Sunday was the moment the weaving came off the loom. Total woven length is 1.36m. And the wool used in the brocading is the same weight as the wool used in the weaving, except that the brocade uses doubled threads. For the weft I used 60/2 silk, and in a next product I might go thinner still.
As you can see from this first picture, I handled the colour changes by cutting the brocading thread at the end of each colour. Each woolen brocade thread passed through one weft after it’s done brocading; given the stickiness of this wool, that should be more than enough to anchor it in place. In some cases, like the small triangles, you use two colours at the same time; even beating extra hard I struggled to get both brocading wefts to lie in the weft without a smidge of gappage. In a next attempt, I think it might be better for those areas if the brocading weft does not go the width of the band, but instead goes only part way.
On the other hand, once the band relaxed off the loom, the occasional gaps between successive lines of brocading improved already.
Trimming the ends of the brocading threads carefully, you can see that the brocading threads are visible on the back only where it moves from pick to pick; I dropped the brocading threads two cards from the edge (or halfways through the 4 card selvage), so that there wouldn’t be any colourful bumps on the very end.
Next step is to take it to the post office tomorrow and mail it off, and then I want to experiment with some pattern variations.
Progress remains painfully slow, although the netting needles have helped tremendously in picking out the pattern, and I have finally developed a rhythm of sorts.
By evening last night I had finished the first 30 cm, which was one repeat of the patterns in the paper. I’m going to weave about a 3cm break and then repeat the set of patterns. Three repeats should get me pretty close to a meter.
The biggest problem so far is that the wool sticks to itself, and so I am having to reverse direction sooner than I am used to, just to keep the wool from felting.
Well, that and occasionally a card sneaks in a quarter turn, and it takes me a while to notice and fix it.
So once the skeins of wool were wound up into balls it was time to warp the loom. The trim that I am trying to reproduce was 1.2 cm wide, on 17 cards that were each threaded with 2 threads. It looked like there was selvage in the picture, so I added 4 cards of selvage, and alternated the threading of the selvage cards, as well as the pattern cards. By alternating the threading direction (or rather, warping and then flipping every other card) the ribbon should naturally lie flat.
When you zoom in on the picture you can see the interesting weaving structure created by the missed hole threading in the pattern tablets. The weft is a navy 60/2 silk and just about invisible on the edges, and the brocading threads are doubled threads of the 20/2 wool, dropped down below two cards from the edge so that you don’t see them at the edge. Right now the ends are also visible; those will be trimmed flush with the band when it comes off the loom.
What I find particularly interesting is the effect of the weaving structure on the diagonal edges of the brocading; for instance in the cross over X part of the yellow fish it looks like two rows have the same end point, but they don’t. I think this effect is due to the fact that the threads in each card are basically floating two above and two below, which affects the appearance.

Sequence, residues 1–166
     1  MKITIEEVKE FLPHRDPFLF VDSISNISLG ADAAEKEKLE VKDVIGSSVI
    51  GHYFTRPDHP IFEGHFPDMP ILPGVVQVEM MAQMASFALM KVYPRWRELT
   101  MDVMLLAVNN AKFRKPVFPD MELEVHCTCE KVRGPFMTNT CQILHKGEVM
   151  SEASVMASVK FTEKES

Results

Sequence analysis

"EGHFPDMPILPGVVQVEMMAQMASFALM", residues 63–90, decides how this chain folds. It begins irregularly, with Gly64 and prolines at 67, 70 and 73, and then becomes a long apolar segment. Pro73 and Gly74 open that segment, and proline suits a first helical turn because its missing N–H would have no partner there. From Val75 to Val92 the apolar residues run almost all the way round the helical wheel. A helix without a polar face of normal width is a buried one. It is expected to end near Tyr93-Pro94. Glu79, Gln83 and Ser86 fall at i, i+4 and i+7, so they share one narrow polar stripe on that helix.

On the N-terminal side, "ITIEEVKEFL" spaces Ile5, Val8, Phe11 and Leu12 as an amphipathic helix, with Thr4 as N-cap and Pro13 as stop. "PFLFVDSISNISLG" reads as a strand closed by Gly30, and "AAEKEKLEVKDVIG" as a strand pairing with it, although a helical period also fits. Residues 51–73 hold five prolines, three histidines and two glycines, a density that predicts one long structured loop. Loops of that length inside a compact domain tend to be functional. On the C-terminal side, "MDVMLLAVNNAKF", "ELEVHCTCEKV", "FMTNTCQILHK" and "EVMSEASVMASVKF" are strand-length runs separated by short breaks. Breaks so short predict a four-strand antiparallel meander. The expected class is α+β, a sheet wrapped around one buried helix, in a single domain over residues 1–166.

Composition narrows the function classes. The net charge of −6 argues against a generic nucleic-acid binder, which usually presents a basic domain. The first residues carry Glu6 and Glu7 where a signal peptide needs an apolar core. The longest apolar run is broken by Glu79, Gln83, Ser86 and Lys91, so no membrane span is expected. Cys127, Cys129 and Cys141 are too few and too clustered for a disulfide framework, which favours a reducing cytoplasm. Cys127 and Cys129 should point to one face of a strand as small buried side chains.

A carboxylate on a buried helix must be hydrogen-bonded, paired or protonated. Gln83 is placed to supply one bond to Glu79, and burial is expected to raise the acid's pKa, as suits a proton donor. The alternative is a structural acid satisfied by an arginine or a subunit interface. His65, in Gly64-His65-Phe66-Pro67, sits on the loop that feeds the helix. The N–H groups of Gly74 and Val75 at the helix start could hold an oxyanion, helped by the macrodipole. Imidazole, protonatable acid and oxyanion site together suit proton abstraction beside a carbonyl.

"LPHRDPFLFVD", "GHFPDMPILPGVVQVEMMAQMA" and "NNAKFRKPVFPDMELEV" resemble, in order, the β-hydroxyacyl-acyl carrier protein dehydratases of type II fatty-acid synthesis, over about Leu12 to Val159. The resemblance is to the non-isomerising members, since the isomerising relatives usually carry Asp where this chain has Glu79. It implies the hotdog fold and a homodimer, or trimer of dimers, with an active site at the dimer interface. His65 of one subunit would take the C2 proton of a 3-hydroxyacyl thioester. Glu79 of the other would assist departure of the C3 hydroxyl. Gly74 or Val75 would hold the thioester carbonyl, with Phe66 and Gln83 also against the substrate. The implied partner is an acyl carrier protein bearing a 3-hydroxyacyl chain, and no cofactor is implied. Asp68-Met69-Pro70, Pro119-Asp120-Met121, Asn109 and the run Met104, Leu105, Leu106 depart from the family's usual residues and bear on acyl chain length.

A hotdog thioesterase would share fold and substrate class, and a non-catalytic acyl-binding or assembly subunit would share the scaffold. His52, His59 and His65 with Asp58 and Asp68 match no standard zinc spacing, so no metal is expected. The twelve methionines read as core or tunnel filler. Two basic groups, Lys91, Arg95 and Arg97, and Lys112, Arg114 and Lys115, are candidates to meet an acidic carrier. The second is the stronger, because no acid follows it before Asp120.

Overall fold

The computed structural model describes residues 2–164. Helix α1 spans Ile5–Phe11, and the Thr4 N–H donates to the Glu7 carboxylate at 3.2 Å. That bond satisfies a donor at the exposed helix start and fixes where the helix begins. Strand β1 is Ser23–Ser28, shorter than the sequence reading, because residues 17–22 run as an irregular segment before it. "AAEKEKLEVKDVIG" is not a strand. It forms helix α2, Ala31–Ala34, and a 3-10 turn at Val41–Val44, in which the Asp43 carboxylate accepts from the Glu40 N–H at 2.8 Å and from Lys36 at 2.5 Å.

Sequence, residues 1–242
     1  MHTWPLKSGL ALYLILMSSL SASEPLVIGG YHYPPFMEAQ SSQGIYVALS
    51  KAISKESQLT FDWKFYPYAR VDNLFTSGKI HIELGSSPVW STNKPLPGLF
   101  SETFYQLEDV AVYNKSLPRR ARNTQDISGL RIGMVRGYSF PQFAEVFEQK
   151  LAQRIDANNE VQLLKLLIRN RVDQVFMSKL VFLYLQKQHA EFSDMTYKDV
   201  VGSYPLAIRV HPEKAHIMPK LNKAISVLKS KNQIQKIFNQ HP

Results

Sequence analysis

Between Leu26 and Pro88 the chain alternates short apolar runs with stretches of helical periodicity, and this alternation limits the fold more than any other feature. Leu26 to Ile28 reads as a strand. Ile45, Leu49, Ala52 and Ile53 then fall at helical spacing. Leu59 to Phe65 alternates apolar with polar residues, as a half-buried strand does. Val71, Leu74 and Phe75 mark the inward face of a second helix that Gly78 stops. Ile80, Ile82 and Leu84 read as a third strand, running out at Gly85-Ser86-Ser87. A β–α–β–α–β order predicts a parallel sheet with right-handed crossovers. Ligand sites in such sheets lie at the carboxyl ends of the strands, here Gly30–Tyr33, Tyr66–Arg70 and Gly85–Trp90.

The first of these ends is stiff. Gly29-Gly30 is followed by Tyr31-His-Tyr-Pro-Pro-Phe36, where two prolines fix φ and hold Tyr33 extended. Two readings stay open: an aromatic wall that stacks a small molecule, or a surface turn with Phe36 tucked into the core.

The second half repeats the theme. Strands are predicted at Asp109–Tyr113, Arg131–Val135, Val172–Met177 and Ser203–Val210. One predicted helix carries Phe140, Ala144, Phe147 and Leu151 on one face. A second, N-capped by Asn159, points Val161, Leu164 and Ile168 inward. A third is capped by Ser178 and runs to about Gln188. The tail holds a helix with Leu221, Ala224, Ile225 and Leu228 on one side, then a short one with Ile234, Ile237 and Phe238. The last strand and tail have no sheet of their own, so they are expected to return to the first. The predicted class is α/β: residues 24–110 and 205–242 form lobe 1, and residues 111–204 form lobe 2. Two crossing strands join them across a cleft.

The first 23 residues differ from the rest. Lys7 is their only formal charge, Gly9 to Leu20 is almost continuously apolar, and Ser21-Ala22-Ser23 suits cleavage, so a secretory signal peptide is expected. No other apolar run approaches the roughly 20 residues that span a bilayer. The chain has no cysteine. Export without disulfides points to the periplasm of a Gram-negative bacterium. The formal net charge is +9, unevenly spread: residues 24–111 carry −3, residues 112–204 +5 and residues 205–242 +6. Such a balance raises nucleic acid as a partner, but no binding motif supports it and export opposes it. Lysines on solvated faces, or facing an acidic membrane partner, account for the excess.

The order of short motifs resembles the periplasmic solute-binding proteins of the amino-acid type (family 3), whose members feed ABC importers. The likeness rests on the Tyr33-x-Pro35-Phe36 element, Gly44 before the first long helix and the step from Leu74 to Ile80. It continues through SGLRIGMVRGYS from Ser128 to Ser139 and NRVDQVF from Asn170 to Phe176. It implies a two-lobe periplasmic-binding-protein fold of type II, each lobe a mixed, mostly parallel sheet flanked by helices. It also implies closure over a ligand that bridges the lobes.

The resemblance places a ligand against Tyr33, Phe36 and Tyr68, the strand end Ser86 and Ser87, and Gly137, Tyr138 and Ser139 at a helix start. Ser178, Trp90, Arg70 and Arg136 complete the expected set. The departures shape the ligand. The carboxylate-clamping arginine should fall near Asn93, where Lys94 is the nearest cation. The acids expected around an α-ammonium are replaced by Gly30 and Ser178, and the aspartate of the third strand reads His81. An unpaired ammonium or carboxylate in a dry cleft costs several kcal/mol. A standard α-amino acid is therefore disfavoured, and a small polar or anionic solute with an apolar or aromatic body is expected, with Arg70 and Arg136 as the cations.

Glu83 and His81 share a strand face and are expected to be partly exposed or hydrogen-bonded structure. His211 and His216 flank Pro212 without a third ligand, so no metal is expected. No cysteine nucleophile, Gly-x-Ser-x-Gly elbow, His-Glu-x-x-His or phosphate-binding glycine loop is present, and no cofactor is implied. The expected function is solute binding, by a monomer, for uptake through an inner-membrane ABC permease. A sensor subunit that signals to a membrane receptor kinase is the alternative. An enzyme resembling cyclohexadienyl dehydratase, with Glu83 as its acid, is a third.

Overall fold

What I find more frustrating is that the emergency brocading shuttle I’m using – a tatting shuttle whose bobbins can be traded out – is not really long enough and difficult to manipulate with the left hand, making every second row trickier. This is exacerbated by the pattern cards’ desire to shift …
Unless I find a way to speed up, this is going to be one of those projects where the pace is measured in cm per hour. So far, roughly 2 cm per hour.
Sometimes I like to rewrite the words of songs … often those of musicals. In this case, Evita’s “Another Suitcase in Another Hall”
I don’t expect my programs to compile at first,
Never fool myself that my typing is true.
Being used to errors, I anticipate it,
But all the same I hate it, wouldn’t you?
Eva: So what’s compiling now?
Che: Another program in another lab …
Eva: So what’s compiling now?
Che: Printf, echo, take another stab…
Eva: Where is this silly bug?
Che: You’ll compile, you always have before …
Eva: Where is this silly bug?
Time and time again, I’ve said it’s in NP,
That it just can’t be done, in polynomial time,
But every time we argue, all the proofs desert me,
And back I go trying, one more time …
Call in three months time, I’ll be fine, I know,
The problem solved, though the code might be slow.
I won’t recall the names and places of this complication
But that’s no consolation here and now …
[chorus – but now Che’s lines are sung by nerdlets]
A bartering agreement has been made, and I will be trying to recreate the tabletwoven band that sits between the brooches but above the pleated fabric of the actual smokkr, as described in the paper The aprondress from Køstrup (grave ACQ).
Step one was acquisition of the wool; I will be going with commercially dyed wool since this needs to be done by late May (which is sooner than it sounds). I bought 20/2 Mora wool in four colours: blue for the background and then white, yellow, and red for the brocading. As you can see from the pictures below, I may have a slight surfeit of the brocading wool. Luckily wool can be used for more than one project at a time, no?
This is how the wool arrives from the vendor; in skeins that need to be wound off into balls to be useful for warping.
Step two was turning the acquired skeins of yarn into something I could warp. Swift and ball winder to the rescue. Note that the swift is constructed similarly to an old Viking horizontal swift, and is made entirely of wood, with the exception of the metal washer I added to facilitate the turning of the arms. The ball winder, in contrast, is thoroughly modern but faster than a nostepinne. And while it’s sunny, it’s not that warm outside.
The skein is mounted on a horizontal swift and then the end is found. After untying the skein, the end is fed into a ball winder and the turning begins. Each skein was wound into four very roughly equal balls of wool; sizes were eyeballed.
The advantage of having four balls is that I can quickwarp, when I get t that stage.
Several hours later, all four skeins have been turned into center-pull balls of wool, ready for the next stage.
To be continued …